Boxer Announces Federal Bill to Codify Abortion Rights
Senator Barbara Boxer (D-CA), flanked by pro-choice leaders, today announced new federal legislation to codify women's right to choose abortion. "The Freedom of Choice Act of 2004 (FOCA) would establish a statutory right to choose within the same parameters articulated by the Supreme Court in Roe v. Wade," said Sen. Boxer on the 31st anniversary of that landmark decision. The legislation would strike down any restrictions placed on abortion apart from those in Roe, so poor women would be able to obtain abortions through Medicaid, public hospitals would not be allowed to refuse to perform abortions, women in the military overseas would be able to obtain abortions at military hospitals, and women would not be forced to endure waiting periods and anti-choice propaganda before undergoing abortions. "We need to take steps to secure our right to choose," said Boxer. "It is time to write Roe v. Wade into law."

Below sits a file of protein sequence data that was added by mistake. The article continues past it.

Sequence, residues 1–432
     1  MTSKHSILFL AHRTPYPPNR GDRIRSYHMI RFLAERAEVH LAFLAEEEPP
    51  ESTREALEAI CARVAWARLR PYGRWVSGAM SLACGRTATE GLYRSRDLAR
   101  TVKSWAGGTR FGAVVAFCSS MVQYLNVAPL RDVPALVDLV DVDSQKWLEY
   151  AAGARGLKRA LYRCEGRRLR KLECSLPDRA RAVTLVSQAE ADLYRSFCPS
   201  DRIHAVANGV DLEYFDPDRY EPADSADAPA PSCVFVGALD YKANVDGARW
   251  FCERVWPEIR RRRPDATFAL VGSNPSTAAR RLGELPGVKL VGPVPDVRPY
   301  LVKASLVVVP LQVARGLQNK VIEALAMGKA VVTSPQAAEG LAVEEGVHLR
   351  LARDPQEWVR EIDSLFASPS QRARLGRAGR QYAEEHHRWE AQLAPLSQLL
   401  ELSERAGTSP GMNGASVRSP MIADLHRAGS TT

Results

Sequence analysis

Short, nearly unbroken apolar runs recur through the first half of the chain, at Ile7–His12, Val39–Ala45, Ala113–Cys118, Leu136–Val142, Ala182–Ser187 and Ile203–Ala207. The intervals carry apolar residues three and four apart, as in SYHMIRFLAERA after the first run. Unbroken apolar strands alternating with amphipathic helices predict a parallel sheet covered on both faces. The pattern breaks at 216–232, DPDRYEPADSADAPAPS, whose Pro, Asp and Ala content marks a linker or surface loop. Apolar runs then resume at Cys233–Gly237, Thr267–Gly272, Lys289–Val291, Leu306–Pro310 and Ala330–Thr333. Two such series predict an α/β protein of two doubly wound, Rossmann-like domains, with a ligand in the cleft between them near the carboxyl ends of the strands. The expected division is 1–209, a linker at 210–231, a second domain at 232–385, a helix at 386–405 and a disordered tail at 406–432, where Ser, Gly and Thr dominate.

At a press conference today announcing the Act, Boxer was joined by leaders of the pro-choice movement, including Eleanor Smeal, president of the Feminist Majority; Kim Gandy, president of the National Organization for Women; Kate Michelman, president of NARAL Pro-Choice America; Gloria Feldt, president of Planned Parenthood; and Vicki Saporta, president of the National Abortion Federation. "What the United States does impacts not only American women but all women worldwide," said Smeal. "One woman dies every three minutes from botched illegal abortions."
Sen. Frank Lautenberg (D-NJ) also spoke at the press conference, emphasizing that a woman's right to choose is in greater danger today than it has been since before Roe v. Wade. Holding up a picture of President Bush signing the abortion procedure ban surrounded by a group of anti-choice men, Lautenberg called the group a "male-archy" that sent "a clear message to the women of this country: 'your right to make choices about your health and your body is in jeopardy."
1/27/2016 Taiwan Elects First Woman President - In a landslide victory, the leader of Taiwan's Democratic Progressive Party (DPP) Tsai Ing-wen won the country's presidential election, becoming the first woman in Taiwan's history to hold the position.
Emphasizing her party's commitment to maintaining Taiwan's independence from China, Tsai won over young voters eager to usher in a political changing of the guard following some 70 years of dominance by the pro-Chinese unification party, the Kuomintang (KMT), chaired by presidential opponent Eric Chu. . . .